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Balanced Discipline 1 – Is There Such a Thing?

What’s the most effective and peaceful method to discipline children?  There seem to be parents who still hold with the “spoil the rod, spoil the child” philosophy, happily hitting, beating and smacking their child, justifying this behavior by quoting the Bible.  On the other opposite end, there are parents who refrain from having any level of accountability or responsibility requirement for their children, nor do some of these parents hold their children to any decent standards of behavior.

Both of these polarities can have dire consequences for both the children and parents, as well as the world.  We all have to be accountable for our thoughts, language, behavior, and the consequences of our actions or inactions.  Nobody gets a free ride, as we are all here to evolve.

Clearly, every child is different, requiring unique approaches.  Also, every child needs parental attention, love, care, and understanding.  When parents refuse to deal with their kids, hoping that somehow, magically, their kids will “do the right thing,” and that no one should ever tell them (the parents) anything negative about their children, these very parents are living in a fantasy.

Moms, Dads, ask people who see your kids in settings where you are absent — as in school, other people’s homes, the playground, sports, after-school programs — how your children behave, and how these other people perceive your children.  Regularly, speak with your child about how life is going for them.  Refuse to accept a grunt as an answer.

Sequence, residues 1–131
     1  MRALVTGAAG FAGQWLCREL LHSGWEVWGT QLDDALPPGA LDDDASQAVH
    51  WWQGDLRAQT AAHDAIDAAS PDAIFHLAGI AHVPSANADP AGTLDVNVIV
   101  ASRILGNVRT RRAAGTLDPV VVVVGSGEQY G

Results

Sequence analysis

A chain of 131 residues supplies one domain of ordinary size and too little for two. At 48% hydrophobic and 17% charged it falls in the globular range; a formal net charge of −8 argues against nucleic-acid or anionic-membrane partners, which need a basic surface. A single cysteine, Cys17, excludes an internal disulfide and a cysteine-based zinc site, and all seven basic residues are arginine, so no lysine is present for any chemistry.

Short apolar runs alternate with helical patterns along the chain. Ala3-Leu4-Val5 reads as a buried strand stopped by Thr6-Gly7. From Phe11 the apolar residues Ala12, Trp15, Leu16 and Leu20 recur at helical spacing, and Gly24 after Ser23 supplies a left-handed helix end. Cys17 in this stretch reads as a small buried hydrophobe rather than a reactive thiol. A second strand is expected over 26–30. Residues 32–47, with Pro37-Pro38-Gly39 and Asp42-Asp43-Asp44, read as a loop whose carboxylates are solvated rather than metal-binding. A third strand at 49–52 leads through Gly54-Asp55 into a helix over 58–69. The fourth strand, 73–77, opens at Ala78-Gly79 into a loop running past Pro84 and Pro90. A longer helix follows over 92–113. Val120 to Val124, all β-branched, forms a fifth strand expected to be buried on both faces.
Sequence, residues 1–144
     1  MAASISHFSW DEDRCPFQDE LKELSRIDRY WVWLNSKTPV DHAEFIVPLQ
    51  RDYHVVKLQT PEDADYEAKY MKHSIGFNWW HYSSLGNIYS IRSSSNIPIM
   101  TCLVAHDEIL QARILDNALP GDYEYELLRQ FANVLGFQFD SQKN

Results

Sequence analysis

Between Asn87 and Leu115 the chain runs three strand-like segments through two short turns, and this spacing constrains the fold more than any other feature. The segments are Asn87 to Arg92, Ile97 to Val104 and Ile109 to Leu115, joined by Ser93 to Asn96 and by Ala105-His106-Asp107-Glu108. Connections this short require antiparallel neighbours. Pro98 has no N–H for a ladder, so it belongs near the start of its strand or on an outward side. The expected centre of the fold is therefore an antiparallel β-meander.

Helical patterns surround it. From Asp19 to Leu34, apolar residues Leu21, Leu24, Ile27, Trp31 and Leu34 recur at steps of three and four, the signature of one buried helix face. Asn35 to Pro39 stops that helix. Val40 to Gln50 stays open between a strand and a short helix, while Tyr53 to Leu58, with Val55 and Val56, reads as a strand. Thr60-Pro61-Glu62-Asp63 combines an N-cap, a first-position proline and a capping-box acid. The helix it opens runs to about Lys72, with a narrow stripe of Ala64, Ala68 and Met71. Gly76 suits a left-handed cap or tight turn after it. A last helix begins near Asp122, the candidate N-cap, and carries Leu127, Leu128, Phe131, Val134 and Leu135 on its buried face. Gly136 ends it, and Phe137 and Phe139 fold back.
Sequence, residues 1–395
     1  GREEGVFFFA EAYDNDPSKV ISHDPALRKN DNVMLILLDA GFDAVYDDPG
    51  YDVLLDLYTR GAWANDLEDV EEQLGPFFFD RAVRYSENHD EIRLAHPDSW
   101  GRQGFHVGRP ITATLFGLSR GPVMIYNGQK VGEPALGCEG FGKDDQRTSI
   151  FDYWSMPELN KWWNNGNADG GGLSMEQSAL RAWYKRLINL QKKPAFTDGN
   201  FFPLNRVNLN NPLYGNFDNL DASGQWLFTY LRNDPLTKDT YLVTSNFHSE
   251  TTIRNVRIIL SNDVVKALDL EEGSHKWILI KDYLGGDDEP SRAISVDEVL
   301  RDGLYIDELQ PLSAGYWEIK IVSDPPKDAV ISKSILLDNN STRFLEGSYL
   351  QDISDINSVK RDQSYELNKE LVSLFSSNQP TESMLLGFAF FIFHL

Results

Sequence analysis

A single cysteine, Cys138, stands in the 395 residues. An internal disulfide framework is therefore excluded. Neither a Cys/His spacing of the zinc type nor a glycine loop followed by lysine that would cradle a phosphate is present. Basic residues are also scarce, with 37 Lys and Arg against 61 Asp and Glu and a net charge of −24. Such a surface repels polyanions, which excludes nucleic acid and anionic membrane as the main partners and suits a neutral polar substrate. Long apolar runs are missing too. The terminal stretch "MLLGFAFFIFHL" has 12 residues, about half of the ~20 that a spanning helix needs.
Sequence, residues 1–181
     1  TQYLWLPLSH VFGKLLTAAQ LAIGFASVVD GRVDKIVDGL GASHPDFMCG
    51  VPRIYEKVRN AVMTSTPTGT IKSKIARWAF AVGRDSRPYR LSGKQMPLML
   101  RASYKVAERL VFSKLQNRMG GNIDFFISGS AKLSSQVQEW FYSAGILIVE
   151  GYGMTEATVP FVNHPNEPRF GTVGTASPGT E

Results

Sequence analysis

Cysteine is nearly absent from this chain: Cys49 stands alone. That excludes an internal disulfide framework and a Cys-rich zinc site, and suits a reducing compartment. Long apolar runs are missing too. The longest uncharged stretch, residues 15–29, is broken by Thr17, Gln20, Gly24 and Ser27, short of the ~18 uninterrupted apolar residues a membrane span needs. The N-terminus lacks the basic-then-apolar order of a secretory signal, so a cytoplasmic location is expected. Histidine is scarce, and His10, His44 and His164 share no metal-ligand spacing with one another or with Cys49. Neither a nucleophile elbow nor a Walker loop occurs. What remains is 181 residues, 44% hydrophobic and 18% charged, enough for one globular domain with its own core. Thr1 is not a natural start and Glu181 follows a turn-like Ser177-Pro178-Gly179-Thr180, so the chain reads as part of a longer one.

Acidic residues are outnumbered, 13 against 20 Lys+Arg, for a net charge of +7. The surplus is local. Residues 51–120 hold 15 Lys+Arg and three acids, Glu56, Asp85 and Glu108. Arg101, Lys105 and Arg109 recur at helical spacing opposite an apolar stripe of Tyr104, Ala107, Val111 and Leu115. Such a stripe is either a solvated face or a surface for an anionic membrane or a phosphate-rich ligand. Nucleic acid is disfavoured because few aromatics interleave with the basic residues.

Hitting, beating, smacking, any corporeal punishment teaches that might makes right, that physical violence is acceptable under certain circumstances, that bullying has a place.  Being hit is demeaning.  Yes, some kids may stop their inappropriate behavior, yet what has that child learned?  Has that child learned why their behavior had been objectionable?  Has the child learned how to self regulate?  Does the child maintain self respect?

Being hit harms a child’s sense of self, has the child think less of her or him self.  When a parent, supposedly a person who loves a child, then physically hurts that child, the child can get an internally twisted idea of live, even if the child has the intellectual and emotional capacity to distinguish punishment from loving actions.

Start early, when your child is a toddler.  TALK to your child.  Explain why certain behavior is acceptable, while other actions are unacceptable.  Have the child think about this.  Perhaps, the child can draw a picture, act out a scenario, or see something on a good video or child TV show that will demonstrate the lesson you are in the midst of teaching.  Time out is also good.  Taking away or awarding privileges are effective techniques.